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Fast Facts on the U.S. Government's Work in Haiti: Food Security


Fact Sheet
Office of the Haiti Special Coordinator
July 19, 2013

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The Challenge

For several decades Haiti has faced significant food security and nutrition challenges. Chronically high levels of poverty coupled with soil erosion, declining agricultural productivity, and high population growth combine to make obtaining adequate food a daily struggle for many Haitians. It is estimated that in some departments of the country up to 30 percent of children suffer from chronic malnutrition. Although approximately 60 percent of Haitians work in agriculture, up to half of Haiti’s food is imported. In 2012, Tropical Storm Isaac, Hurricane Sandy, and a lingering drought exacerbated Haiti’s already precarious situation. As a result, 1.52 million Haitians—approximately 15 percent of the population—are now classified as severely food insecure.

U.S. Government Strategy

Food security is a priority sector of U.S. Government development strategy in Haiti. The U. S. Government’s global Feed the Future initiative is supporting the Government of Haiti’s priorities and is working to ensure sustainable growth in the agricultural sector. The U.S. Government and its implementing partners are working as well as scientists to introduce Haitian farmers to new techniques and technologies, strengthen agricultural infrastructure along the entire value chain, and attract investments from private businesses. The overall aim is to increase crop yields and income for more than 100,000 farmer households. This investment will also help improve food security and boost nutrition for the general population. In addition, the U.S. Government is targeting pockets of chronic food insecurity through Title II-funded Mother and Child Health and Nutrition interventions, sustainable agriculture, and food voucher programming in particularly vulnerable regions of the country.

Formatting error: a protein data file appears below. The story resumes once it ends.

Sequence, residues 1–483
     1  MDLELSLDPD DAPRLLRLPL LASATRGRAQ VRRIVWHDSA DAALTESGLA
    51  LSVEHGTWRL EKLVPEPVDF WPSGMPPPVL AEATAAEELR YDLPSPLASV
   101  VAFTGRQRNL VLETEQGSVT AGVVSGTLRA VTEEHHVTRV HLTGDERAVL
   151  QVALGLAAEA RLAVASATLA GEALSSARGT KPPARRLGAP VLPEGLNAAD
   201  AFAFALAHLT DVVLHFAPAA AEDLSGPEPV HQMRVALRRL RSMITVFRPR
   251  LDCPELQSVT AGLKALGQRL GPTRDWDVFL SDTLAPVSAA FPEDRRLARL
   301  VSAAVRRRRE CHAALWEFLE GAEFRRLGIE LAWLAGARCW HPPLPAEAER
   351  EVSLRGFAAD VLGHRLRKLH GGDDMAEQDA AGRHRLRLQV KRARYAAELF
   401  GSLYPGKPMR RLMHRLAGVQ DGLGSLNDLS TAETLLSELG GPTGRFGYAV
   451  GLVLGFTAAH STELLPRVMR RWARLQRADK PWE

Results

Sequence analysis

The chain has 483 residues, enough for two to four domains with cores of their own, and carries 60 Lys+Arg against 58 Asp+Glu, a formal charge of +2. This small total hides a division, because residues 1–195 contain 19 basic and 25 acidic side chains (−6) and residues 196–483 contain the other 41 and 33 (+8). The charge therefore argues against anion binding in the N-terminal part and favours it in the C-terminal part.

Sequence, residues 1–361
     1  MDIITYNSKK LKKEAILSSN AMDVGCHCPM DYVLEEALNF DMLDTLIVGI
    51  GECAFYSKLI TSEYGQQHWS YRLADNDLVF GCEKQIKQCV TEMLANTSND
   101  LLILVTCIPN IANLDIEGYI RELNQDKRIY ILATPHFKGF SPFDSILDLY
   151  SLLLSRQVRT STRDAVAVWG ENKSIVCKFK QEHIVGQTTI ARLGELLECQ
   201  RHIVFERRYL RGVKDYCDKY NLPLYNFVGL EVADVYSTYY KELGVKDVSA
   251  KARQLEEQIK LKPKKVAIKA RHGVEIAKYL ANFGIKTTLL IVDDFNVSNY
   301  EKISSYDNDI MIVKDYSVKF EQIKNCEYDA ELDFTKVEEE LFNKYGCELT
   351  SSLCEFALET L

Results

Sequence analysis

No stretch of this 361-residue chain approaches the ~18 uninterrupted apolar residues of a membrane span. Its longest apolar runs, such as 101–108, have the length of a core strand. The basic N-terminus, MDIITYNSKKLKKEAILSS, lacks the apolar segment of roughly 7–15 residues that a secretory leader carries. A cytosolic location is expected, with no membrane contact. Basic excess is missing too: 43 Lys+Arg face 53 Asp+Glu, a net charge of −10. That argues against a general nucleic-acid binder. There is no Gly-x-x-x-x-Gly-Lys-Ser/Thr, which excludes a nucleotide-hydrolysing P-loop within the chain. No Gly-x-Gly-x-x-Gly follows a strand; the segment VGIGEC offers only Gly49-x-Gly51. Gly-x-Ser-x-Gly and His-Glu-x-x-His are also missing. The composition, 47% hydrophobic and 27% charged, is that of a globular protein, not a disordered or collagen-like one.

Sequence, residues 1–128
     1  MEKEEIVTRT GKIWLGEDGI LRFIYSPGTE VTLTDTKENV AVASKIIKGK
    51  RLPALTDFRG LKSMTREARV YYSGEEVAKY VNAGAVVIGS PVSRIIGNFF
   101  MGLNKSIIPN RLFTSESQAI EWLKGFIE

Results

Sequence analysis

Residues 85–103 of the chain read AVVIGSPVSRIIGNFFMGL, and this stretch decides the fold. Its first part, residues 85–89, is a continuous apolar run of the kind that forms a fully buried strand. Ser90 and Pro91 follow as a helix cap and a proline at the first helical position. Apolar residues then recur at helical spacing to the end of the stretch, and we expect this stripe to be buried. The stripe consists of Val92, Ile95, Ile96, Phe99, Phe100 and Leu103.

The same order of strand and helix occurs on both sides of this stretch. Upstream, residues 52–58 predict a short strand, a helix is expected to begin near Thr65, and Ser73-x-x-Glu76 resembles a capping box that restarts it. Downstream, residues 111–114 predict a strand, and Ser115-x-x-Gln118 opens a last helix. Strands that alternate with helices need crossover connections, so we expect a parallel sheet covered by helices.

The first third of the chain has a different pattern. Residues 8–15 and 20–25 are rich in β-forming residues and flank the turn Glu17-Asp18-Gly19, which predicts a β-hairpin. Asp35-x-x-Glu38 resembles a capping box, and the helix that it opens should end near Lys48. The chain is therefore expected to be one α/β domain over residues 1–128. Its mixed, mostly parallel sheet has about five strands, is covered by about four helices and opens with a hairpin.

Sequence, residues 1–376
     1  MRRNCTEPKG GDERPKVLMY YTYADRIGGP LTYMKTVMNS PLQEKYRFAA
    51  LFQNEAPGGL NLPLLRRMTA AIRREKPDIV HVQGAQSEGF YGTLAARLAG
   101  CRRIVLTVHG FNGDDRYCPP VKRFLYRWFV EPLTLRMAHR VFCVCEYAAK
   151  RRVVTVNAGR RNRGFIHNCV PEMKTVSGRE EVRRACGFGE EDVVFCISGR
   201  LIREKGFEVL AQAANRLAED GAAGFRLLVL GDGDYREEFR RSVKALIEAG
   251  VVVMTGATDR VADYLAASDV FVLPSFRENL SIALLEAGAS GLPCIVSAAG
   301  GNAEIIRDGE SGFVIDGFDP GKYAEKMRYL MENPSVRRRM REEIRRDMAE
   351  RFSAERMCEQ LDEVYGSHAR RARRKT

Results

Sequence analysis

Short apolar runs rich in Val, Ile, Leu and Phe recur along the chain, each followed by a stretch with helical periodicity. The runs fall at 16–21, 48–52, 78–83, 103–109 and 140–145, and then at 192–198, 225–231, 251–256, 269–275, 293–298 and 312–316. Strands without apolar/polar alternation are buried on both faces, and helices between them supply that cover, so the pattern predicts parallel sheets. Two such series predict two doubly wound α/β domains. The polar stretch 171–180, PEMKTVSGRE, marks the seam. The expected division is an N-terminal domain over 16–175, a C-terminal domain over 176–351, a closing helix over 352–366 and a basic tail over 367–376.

Storm and Drought Response

The cumulative effect of a prolonged drought, Tropical Storm Isaac, and Hurricane Sandy has caused huge losses in agricultural production throughout the country for most of 2012 and into 2013. The impact of these crop losses has been a prolonged “hunger season” this year in Haiti. The “hunger season” refers to the three-month period between rainy seasons during which time there is little crop harvesting and thus few farming employment opportunities. The most pressing challenges to help agricultural production get back on track have been repairing storm-related damage to infrastructure and assisting farmers to gear up for spring production. USAID also focused on reducing backsliding on household nutritional indicators by providing food assistance and additional health services to targeted populations to address the needs of the most vulnerable households.

The U.S. Government response to drought- and storm-generated food challenges has been to provide approximately $25 million for additional emergency resources for food-assisted Mother and Child Health and Nutrition activities, short-term employment, seeds, and the provision of food vouchers in the most food insecure parts of the country. An additional $1 million was allocated for shelter and seed provision in the south and southeast, and $8 million of Feed the Future West funding were reprogrammed to repair damaged irrigation canals and roads and provide seeds and other inputs to get farmers back in their fields north of Port-au-Prince in the Cul de Sac Plains.

Accomplishments